Tomorrow, I will try to shut it.

Freelance work income currently comes from various sources. I transcribe K-Pop videos from Korean to English, digital marketing and write parenting articles. I’m thankful for so many opportunities which allow me to remain at home and pay me adequately. Though there is still a long way to go before hitting my expected income, I’m glad I don’t need to dig into my savings to sustain this family and get to make lunch for the kids.

Tomorrow, I will prepare a separate lunch menu for the baby so he can feed himself.

Elise is still on diapers where most of her peers are already toilet trained. She is able to answer that she should “pee in the potty!” yet when she wets her diapers and I ask her why, she replies, “Sorry, omma”. We could do just a little bit better.

Tomorrow, I will put on training pants for her and bring her to the potty regularly to create a habit.

I’ve been intending to declutter the house and introduce more open-ended play toys for the kids, as inspired by my dear friend. Progress has been excruciatingly slow. I browse Instagram accounts of stay at home moms without helpers who take the effort to create meaningful activities for their children to learn while playing and I look at Elise, playing with some dried barley I gave her as pretend play food.

We went to the doctor yesterday to firm up the operation details, only to be chided by the doctor that he wasn’t going to operate on her if I wasn’t going to maintain her eye socket well. It’s supposed to look white instead of red. He cleaned off her eye discharge with saline and told me that I had the liberty of switching doctors for Elise. We’re scheduled for another appointment 3 months later. We’ve always made extra sure to wash her conformer during showers and clean off visible discharge with wet wipes. I was negligent in not being even more detailed.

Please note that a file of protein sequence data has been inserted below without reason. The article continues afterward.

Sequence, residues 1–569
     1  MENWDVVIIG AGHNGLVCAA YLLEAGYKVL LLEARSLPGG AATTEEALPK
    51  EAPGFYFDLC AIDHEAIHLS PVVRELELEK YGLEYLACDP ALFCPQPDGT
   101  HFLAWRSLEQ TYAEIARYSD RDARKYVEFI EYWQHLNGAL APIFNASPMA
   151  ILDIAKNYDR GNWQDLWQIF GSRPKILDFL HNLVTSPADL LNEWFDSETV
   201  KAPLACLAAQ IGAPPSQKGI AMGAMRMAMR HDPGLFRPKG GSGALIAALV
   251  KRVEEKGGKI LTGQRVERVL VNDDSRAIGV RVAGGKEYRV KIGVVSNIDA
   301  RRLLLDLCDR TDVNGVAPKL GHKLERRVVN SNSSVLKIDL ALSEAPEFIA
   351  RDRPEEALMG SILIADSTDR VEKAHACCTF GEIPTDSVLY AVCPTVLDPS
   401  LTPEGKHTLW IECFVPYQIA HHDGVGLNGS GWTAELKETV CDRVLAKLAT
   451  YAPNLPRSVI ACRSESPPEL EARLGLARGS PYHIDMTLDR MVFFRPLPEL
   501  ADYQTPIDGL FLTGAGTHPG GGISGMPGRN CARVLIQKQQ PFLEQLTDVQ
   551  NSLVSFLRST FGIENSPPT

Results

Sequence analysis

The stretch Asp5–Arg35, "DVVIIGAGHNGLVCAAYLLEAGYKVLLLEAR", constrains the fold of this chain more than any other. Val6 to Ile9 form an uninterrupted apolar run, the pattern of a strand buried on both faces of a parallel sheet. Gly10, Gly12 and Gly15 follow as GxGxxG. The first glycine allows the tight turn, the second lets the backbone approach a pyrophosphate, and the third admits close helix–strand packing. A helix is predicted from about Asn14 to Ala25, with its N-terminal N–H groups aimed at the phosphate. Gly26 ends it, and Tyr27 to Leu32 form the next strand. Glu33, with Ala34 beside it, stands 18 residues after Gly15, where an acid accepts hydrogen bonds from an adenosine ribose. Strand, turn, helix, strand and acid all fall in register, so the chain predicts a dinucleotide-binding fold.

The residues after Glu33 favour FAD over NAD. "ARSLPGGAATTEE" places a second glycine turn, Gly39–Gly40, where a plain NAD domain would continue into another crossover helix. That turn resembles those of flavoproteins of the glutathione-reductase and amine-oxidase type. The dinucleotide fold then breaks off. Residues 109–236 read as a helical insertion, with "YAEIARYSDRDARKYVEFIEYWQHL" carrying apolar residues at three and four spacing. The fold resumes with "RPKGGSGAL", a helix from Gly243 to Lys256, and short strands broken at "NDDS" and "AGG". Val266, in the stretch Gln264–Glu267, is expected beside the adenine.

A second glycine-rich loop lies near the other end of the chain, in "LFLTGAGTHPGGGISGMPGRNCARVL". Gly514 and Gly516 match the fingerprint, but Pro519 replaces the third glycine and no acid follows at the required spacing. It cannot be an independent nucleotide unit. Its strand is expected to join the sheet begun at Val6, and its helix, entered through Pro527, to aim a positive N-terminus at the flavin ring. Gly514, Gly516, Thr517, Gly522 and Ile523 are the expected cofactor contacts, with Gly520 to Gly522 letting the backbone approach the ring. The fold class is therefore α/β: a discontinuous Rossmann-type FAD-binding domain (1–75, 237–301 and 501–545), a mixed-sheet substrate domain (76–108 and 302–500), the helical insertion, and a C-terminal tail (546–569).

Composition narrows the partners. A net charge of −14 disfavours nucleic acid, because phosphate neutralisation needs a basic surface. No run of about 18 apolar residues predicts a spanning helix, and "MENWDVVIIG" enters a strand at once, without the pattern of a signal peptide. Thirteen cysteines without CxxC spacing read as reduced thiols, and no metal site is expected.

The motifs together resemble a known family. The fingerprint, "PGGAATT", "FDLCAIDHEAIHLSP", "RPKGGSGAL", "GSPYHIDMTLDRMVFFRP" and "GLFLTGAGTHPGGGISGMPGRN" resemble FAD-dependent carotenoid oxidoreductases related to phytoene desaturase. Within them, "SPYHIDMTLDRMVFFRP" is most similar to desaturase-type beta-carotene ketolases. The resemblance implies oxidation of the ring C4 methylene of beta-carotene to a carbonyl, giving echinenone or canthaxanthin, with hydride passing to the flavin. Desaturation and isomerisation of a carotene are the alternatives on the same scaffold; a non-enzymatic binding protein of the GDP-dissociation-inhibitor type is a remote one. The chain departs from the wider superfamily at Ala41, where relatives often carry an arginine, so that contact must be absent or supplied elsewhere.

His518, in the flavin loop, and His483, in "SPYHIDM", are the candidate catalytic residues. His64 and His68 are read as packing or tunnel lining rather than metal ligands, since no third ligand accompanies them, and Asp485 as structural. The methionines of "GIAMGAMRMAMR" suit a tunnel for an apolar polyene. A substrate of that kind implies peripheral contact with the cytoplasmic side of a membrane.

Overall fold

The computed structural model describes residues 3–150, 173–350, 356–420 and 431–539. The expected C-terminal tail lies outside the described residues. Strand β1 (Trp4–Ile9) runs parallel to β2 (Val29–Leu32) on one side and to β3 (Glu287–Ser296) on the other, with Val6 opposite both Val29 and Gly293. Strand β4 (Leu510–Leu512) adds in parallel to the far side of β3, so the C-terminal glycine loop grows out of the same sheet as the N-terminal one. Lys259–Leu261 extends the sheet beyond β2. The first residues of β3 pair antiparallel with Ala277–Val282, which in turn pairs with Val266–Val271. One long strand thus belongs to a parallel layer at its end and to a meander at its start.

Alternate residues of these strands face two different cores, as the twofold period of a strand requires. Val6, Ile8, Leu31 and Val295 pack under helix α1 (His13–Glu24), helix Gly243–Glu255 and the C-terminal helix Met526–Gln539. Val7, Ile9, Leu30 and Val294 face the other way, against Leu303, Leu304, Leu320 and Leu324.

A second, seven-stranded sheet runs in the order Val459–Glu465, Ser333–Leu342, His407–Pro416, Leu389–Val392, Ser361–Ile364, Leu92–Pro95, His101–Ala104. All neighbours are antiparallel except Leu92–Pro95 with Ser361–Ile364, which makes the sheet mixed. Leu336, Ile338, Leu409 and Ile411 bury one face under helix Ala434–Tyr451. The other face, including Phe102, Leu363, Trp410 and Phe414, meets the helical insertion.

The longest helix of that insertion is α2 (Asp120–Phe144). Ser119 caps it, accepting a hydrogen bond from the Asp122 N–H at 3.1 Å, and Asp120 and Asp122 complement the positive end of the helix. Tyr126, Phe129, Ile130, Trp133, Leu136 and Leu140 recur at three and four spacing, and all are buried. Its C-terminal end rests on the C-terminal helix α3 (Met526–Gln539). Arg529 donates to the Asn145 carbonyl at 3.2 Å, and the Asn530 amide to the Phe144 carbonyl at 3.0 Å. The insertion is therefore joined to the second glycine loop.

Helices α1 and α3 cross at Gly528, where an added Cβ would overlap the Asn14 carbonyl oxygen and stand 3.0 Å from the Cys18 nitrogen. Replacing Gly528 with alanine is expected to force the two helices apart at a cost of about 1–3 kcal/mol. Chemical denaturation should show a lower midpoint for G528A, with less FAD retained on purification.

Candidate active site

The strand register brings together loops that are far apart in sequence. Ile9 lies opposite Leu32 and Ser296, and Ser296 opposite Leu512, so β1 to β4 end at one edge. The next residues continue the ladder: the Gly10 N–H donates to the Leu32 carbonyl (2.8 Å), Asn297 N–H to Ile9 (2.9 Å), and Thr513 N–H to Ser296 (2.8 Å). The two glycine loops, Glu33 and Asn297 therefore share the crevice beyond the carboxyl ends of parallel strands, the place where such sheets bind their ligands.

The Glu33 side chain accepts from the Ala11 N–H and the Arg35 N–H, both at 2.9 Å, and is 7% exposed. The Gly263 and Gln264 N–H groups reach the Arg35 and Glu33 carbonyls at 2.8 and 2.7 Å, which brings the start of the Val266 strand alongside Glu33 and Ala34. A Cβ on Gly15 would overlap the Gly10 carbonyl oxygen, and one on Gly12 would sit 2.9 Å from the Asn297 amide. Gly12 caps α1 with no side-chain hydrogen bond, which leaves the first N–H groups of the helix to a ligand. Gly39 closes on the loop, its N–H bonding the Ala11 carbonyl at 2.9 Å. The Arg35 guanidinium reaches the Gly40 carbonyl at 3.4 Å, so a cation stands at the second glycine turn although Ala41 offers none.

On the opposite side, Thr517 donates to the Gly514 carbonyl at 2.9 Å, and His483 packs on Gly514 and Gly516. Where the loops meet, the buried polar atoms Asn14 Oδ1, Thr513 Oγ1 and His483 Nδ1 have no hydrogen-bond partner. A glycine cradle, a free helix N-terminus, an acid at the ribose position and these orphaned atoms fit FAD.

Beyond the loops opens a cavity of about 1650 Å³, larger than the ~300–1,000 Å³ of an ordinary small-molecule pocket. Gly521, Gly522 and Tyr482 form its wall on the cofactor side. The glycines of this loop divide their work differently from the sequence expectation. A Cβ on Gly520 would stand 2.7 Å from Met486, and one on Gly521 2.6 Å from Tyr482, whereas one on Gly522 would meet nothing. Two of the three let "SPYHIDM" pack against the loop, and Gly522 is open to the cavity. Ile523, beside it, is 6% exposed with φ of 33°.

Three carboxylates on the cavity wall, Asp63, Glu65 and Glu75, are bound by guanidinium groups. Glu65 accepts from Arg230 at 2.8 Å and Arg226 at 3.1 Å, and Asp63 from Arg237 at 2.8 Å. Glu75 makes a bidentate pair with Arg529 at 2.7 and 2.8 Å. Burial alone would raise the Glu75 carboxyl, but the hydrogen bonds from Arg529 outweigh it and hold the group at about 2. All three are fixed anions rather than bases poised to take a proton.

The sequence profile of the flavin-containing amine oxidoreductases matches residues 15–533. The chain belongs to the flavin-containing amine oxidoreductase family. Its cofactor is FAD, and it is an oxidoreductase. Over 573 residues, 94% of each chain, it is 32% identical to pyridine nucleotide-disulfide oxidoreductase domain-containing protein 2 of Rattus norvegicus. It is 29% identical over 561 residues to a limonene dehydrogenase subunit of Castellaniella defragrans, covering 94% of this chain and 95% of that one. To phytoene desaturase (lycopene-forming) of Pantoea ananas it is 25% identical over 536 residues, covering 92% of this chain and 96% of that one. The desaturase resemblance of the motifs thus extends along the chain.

Our entire family followed instructions strictly for the past operations but they failed regardless. I voiced this out to the doctor, but he told me that all the more we should take even better care of the socket as we owe it to her. He mentioned that other patients only required one operation. We’ve done three. Do we really look like we’re here with the aim of having a wardcaytion, squeezing with 6 other beds and their families? I was hurt by his words, but I could do a lot better.

Today, I held her down and washed her conformer with saline and put in eye drops. As promised to him, I will do what is needed until the next appointment and see if it turns white before deciding on further action.

My dad has been helping me watch the kids without pay. He brings Didi and Elise downstairs many times a day without complaint, goes to dinner with the kids so I can eat dinner in peace.

Tomorrow, I will do better.

There are only so many tomorrows.